Do Deaf People Dream Differently?

Dreaming is a fascinating experience, as your subconscious is essentially taking you through a story it has created while you're sleeping. Everyone dreams differently, with some people reporting more lucid dreaming whereas others encounter frequent nightmares. To understand the science behind dreams, it's important to look at various factors that may impact your subconscious state, such as your physical and mental abilities.

According to Medical News Today, numerous studies have been conducted to determine how someone's physical and mental abilities impact their dreams and whether findings are consistent among those sharing a specific impairment. One of the most closely studied characteristics is that of deafness, as researchers were curious to learn whether deaf people dream differently than those with unimpaired hearing. The results were surprising for a number of reasons, as complete deafness or even significant hearing impairment can have a direct effect on the dream state.

Though these studies relied on small groups of participants to collect data, the results have opened a world of discussion in regard to how deaf people dream and what can be learned from these experiences.

Deaf people experience a heightened dream state

A study conducted with 14 individuals with hearing impairments reported some significant news in regard to how deaf people dream. According to the results, the participants reportedly gave no indication of their hearing impairment in approximately 80% of their dreams (per Medical News Today). These same participants stated they were often able to speak in their dreams, and a select few indicated they were able to either hear or understand spoken language.

Psychology Today reported on a similar study where approximately 86 hearing impaired individuals were asked to track various aspects of their dreams. This included sensory and emotional details to ensure researchers were gaining an accurate understanding of the subconscious state. Participants with congenital hearing loss, or those who had experienced hearing loss before the age of five, reported amplified color, vividness, and spatial depth in their dreams. Individuals with hearing loss often experience more lucid dreams and nightmares, and elevated emotions including hope and surprise, per Psychology Today.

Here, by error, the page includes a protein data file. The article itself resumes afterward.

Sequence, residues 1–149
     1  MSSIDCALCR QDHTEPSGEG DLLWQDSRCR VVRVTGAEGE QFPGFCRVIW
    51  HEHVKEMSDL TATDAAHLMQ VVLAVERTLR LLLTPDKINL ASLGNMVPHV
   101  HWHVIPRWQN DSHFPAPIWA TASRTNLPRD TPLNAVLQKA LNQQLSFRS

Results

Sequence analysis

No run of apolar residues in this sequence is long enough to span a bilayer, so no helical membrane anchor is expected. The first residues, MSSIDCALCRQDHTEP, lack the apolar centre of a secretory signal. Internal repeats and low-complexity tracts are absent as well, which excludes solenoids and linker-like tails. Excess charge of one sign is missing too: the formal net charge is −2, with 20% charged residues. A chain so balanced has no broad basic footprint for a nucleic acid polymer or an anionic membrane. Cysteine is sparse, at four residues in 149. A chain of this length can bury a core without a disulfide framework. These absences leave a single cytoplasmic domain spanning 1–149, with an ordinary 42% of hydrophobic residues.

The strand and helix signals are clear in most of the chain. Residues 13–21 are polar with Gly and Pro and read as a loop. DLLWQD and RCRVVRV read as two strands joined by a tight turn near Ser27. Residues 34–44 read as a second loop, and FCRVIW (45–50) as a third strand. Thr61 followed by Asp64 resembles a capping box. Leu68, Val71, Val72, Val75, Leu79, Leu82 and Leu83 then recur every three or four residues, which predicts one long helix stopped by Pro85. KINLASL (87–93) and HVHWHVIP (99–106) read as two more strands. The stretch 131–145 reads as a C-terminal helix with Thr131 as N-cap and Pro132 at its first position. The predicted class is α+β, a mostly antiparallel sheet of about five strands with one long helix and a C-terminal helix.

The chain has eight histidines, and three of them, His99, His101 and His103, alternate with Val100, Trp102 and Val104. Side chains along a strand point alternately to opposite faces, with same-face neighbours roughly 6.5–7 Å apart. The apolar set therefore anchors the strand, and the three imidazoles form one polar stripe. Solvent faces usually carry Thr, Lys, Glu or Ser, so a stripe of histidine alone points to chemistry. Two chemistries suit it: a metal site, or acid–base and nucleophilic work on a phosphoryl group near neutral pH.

Deaf people are significantly more likely to have recurring nightmares

There are many different types of dreams, such as lucid dreams where dreamers feel they are aware and can control the landscape around them, and symbolic dreams that might make no sense while you're experiencing it, but you know your subconscious is trying to work something out behind the scenes. Researchers have found that people with hearing loss are prone to have one of the not-so-fun dream types: nightmares. They can range from the classic monster hiding under the bed scenario to reliving a traumatic experience over and over until your alarm goes off.

Deaf people, like many who are differently abled, may find themselves struggling to assimilate into a society that is made up of mostly hearing individuals — while approximately 5% of the world's population are considered deaf, the other 95% rely on sounds and speaking for seemingly just about everything. One study published by the National Library of Medicine made the connection that people with significant hearing loss are more prone to experiencing unpleasant dreams with "negative imagery and emotions" due to the "higher rates of interpersonal traumatic experiences among the deaf population." 

In the same study, the population of children who were born deaf was analyzed, and found that 95% come from hearing families, and less than 10% of those families successfully learn sign language. This demonstrates that many are born into a communication struggle, and more often experience anxiety, stress, and frustration on a daily basis, which can manifest into recurring nightmares.

The most common dreams amongst deaf people

While people with significant hearing loss tend to have more vivid dreams thanks to their enhanced reliance on sight and touch, and are more likely to have nightmares due to increased daily stress, they still dream just like everyone else. Even without the ability to hear, they can feel the anxiety from a dream where they are taking a test they didn't study for, and the excitement of a dream where they have reunited with "the one who got away". Thanks to many dream studies, experts have uncovered the most common dreams amongst all humans, regardless of any hearing or vision loss.

So, which dreams are truly the most common? According to Forbes, you've probably had at least a few of them, yourself. The most common dream for people to have once they've drifted off to sleep is the falling dream. You know the one — you're flying through the air, and you aren't sure where or why but you know you're falling fast, and you can definitely feel the sensation of gravity pulling you down. Being chased is the second most popular recurring dream, followed closely by losing teeth, being cheated on (or cheating on your partner), and being naked in public. Interestingly, many of the most common dreams are all pretty traumatic or unpleasant in one way or another. So next time you lay down for the night, remember that the likelihood you'll be awoken from a dream where you're toothless or mourning a breakup is ... pretty high.